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Psychology (9,695)
PSYB01H3 (581)
Anna Nagy (283)
Chapter 5

PSYB01 - Chapter #5 Notes.docx

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Anna Nagy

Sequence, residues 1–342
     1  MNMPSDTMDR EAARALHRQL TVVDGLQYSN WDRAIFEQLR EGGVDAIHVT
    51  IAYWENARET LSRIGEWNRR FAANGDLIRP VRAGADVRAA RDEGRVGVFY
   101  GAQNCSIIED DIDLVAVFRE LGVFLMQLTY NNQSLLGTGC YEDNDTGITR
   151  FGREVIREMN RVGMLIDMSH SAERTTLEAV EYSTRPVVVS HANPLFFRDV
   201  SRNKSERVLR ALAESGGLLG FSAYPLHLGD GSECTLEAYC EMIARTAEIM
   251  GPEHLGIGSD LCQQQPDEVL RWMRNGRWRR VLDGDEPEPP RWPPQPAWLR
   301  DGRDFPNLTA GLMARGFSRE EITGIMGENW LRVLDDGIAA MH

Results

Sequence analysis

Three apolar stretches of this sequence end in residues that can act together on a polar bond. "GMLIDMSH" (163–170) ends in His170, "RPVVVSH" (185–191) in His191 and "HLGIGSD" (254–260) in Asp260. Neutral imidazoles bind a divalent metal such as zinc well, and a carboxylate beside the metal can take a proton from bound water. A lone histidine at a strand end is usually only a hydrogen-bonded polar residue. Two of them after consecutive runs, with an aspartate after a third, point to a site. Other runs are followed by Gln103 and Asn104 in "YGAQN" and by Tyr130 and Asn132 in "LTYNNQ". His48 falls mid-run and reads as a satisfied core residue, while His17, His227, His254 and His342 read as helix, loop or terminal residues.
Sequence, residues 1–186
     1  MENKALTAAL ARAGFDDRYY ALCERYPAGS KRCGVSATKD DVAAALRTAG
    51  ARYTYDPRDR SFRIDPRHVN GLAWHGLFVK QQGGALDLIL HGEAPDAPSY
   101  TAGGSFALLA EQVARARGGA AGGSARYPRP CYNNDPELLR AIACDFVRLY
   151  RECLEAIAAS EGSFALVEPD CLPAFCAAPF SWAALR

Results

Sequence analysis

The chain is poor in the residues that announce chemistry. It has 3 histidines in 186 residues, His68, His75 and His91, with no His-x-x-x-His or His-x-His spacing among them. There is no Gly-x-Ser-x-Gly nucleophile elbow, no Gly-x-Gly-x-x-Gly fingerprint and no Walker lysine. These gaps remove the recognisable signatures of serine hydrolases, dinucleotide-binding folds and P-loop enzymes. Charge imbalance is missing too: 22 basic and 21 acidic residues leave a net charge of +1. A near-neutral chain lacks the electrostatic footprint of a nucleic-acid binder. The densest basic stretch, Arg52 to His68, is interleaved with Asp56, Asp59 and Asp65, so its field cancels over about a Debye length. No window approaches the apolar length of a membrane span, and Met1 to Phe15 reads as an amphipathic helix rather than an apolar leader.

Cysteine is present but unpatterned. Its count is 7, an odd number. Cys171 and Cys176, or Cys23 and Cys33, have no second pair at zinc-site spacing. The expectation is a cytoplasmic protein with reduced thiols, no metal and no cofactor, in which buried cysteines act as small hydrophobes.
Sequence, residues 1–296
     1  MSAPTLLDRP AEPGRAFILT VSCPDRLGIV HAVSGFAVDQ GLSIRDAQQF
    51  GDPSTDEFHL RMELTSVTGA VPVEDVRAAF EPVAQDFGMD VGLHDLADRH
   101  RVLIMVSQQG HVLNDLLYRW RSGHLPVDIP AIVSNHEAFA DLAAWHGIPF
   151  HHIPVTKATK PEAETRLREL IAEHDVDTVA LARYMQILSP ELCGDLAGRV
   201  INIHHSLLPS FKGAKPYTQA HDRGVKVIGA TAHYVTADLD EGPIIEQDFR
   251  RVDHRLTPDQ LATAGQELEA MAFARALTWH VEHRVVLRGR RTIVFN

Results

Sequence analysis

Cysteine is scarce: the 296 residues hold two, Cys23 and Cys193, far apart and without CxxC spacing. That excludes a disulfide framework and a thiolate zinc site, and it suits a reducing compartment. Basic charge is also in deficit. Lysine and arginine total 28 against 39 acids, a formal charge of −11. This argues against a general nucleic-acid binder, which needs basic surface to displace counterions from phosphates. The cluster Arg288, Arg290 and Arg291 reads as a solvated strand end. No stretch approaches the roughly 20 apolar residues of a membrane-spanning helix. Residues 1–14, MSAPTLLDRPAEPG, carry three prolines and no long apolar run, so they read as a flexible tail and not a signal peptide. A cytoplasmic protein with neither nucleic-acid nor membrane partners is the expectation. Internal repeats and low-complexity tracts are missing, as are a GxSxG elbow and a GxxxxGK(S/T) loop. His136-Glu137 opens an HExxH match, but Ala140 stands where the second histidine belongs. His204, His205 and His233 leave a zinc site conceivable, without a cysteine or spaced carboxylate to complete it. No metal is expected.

Chapter #5 Notes: Measurement Concepts:  Every variable studied must be operationally defined Self-Report Test and Measures:  Self-report measures also called scales  Self-report measures often used to study psychological attributes such as intelligence, self- esteem, extraversion and depression  Self-report NEO Personality Inventory – measure 5 dimensions of personality: neuroticism, extraversion, openness to experience, agreeableness and conscientiousness  MMPI-II used for clinical diagnoses and hiring decisions Reliability of Measures:  Reliability – first step to a quality operational definition – consistency or stability of a measure of behaviour o True Score – the person’s real score on the variable o Measurement error – measure of intelligence is unreliable and cannot provide an accurate measurement  The reliability of measure reduces uncertainty or error associated with that measure  Reliability can be increased by taking multiple observations of the same variable  Reliability is increased when the number of items is increased  Most common correlation coefficient is the Pearson product-moment correlation coefficient – the closer the relationship is to +1.00 or -1.00 the stronger the relationship o Correlation of 0.00 = no correlation at all  To assess reliability of a measure need at least two scores on the measure from many individuals; if similar that reliable (two scores should show a high positive correlation) Test-Retest Reliability:  Assessed by measuring the same individuals at two points in time  Probably be at least 0.8 to be considered reliable  Alternate forms reliability – administering 2 different forms of the same test to the same individuals at two points in time Internal Consistency Reliability:  Assesses how well a certain set of items relate to each other  Responses are gathered at only one point in time  Cronbach’s alpha – researcher calculates how well each item relates to every other item, which produces a large # of interitem correlations o Provide information about each ind item o Info also useful when it is necessary to remove some items to construct a brief version of a measure Interrater Reliability:  2 raters to observe the same behaviour  Interrater reliability – extent to which raters agree in their observations o Commonly used indicator of interrater reliability = Cohen’s kappa Reliability and Accuracy of Measures:  Reliability tells us the amount of error in the measurement but does not tell us about whether our measure accurately reflects the variable of interest Validity of Measures:  Second requirement of a quality operational definition is validity  Construct validity – adequacy of the operational definition of variables o The degree to which the operational definition of a variable actually reflects the true theoretical meaning of the variable o Does the construct measure what it is intended to measure? Indicators of Construct Validity: Face Validity:  Simplest way to argue a measure is valid is to say it appears to accurately assess the intended variable  Face validity – evidence for validity is that the measure appears on the face of it to measure what it is supposed to measure o Not very sophisticated o Involves only a judgement of whether, given the theoretical definition of the variable the content of the measure appears to actually measure the variable o Not sufficient to conclude that a measure has construct validity! o Appearance is not a good indicator of accuracy Content Validity:  Based on comparing the content of the measure with the theoretical definition of the construct  Measure reflects if what we want to measure is being measured (like face validity) Predictive Validity:  Research that uses measure to predict some future behaviour  Criterion is some future behav
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